I became a friend of John Hampton's when he recorded my sister-in-law (Gail Elise Clifton of the Klitz) in 1986 at Ardent Recording Studios in Memphis, Tennessee [Tape Op #58]. His production skills were clearly at work while producing a fine sounding demo that may someday see the light of day! With a background in electronics, John started at Ardent as a studio tech in July of 1977; eventually working his way up the studio staff ladder to become the industry-respected producer/ engineer that he is today. John has been awarded 23 gold and platinum records, several Grammy nominations and three Grammy wins. He's also worked with Alex Chilton, the Gin Blossoms, The White Stripes, Travis Tritt, Jimmy Vaughn and many others.
Which do you prefer: the producer role or the engineer role?
The producing role, if you want to call it that. Although I've been producing records since '87, I don't think I've really been producing records until the last five or six years, because all the pieces are finally together and assembled. I finally have a vision and I see it all. It took a while. Years before Ardent, I was driving home one day from work and heard "Honky Tonk Women" on the radio for the very first time. I heard that cowbell and then Charlie [Watts] come in — I pulled over and rocked out to the whole thing. When I started working here I got engineer ears; I started nitpicking everything. Slowly, but surely, the nitpicking became the captain of that ship. After working in the studio for a while I heard "Honky Tonk Women" again and I thought, "That sounds like crap." I had engineer ears now. Then it hit me one day that I used to love that song and now I don't like it. Has the song changed? I've changed, not the song. So I slowly started what turned into a ten-year venture. I turned that boat around, falling back in love with music instead of in love with technology and how it gets put together. The only way that I've been able to do that is by making what I do, the engineering part of it, so easy that I can do it with my eyes shut. It's all in the background
So it's like the engineering is second nature?
Yes. That way I can focus on the band and the song. Now I need an assistant [engineer] — somebody to watch the meters and all. I'll be listening to the performance, not watching the meters. This is especially true with digital recording.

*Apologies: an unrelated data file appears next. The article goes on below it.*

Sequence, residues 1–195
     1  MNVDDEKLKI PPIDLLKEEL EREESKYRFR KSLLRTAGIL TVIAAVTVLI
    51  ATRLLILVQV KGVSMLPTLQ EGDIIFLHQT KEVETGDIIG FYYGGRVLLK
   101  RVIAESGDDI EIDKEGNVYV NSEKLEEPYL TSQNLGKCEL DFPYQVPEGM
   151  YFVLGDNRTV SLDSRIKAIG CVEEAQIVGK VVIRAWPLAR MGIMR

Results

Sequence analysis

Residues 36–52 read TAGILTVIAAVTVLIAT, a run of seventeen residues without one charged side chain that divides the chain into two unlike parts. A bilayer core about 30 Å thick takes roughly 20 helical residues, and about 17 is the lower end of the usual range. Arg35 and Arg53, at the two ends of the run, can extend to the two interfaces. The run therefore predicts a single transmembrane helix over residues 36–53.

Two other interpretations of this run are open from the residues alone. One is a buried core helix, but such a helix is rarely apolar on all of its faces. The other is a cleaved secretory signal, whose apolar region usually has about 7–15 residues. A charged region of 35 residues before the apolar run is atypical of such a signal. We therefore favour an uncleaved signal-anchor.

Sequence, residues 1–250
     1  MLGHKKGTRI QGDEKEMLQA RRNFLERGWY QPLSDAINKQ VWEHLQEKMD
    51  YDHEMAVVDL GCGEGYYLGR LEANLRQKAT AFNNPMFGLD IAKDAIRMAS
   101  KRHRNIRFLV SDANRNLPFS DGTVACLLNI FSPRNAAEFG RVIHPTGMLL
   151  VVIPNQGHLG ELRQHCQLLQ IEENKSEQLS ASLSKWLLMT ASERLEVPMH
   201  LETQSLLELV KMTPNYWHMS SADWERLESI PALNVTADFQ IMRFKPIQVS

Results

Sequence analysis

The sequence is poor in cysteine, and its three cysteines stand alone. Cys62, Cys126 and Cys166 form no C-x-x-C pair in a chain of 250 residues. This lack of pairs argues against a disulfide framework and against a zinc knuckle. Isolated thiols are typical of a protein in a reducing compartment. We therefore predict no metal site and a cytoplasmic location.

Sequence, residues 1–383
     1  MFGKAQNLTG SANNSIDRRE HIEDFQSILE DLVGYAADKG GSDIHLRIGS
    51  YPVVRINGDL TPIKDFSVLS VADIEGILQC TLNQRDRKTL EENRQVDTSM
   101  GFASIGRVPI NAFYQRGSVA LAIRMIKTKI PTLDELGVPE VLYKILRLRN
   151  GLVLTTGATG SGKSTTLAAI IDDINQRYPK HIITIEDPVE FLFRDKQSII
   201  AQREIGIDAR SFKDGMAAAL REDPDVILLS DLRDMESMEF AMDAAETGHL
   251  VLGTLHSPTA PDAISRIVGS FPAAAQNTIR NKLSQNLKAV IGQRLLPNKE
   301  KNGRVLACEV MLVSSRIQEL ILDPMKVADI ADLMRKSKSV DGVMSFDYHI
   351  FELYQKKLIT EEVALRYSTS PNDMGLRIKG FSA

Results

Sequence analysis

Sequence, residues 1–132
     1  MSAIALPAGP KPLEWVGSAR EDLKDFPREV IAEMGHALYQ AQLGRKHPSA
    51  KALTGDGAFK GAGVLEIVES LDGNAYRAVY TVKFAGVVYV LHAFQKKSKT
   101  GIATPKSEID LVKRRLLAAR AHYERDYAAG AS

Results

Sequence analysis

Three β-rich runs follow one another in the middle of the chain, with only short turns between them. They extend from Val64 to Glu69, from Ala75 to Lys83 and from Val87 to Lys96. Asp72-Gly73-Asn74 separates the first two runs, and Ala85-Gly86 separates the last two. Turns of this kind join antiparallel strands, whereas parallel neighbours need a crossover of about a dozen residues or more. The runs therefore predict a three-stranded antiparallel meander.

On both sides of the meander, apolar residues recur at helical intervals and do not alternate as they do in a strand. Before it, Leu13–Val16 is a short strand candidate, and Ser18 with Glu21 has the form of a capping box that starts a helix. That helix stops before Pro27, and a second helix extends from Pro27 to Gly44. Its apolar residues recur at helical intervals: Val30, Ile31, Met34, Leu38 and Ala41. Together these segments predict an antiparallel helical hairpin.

It's the "new" technology.
I don't like to watch those meters. To be honest with you, I'd rather be on all analog tape. And what's strange is it's all coming back. I grew up listening to records and then when I had CDs I thought, "It must be better, it's digital." It's amazing how people will buy the next new hot thing, whether it's doing us any good or not.
Are you seeing artists come in who prefer using analog?
Yes. Going back to analog is making me a happy guy. Although we have the best console for a digital audio workstation on the planet, it's also really good for analog tape. It controls a Studer analog tape machine as well as it records; and it controls Pro Tools too. But, for performers with analog it's, "Guess what dude, you have to sing it." I'm not going to cut and paste your vocal. You have to sing it...
The performance comes back into play.
Yes, thank you. I get to listen to a performance again, and the artist has got to play it right and has to play it well. I've got a new MacBook Pro — have you seen that new GarageBand? My goodness, it's like it's almost that (points to the Studio C SSL console). It's almost Pro Tools; it's an amazing amount of technology. You sing a word too short or in the wrong place, no problem. Just nudge it or scoot it around; or get it in tune or Auto-Tune it if it's a little flat. You can make crappy music bearable. Everybody's making recordings that way. What's out there to me is 85 to 90 percent crap. These kids are getting these laptops with all the recording technology and then isolating themselves and not collaborating. There are no Lennon and McCartney's, no Jesse [Valenzuela] and Robin [Wilson], of the Gin Blossoms. No back and forth collaboration — none of that. They're all by themselves, making crap and then wondering why people don't like it. How come nobody likes it?
You can record it on an iPhone.
Don't get me started on that. This is a bad dream, right? Good luck getting dynamic range out of a 1.7 volt battery, because you won't. I mean this thing's (points to the console) got 36 volt rails —...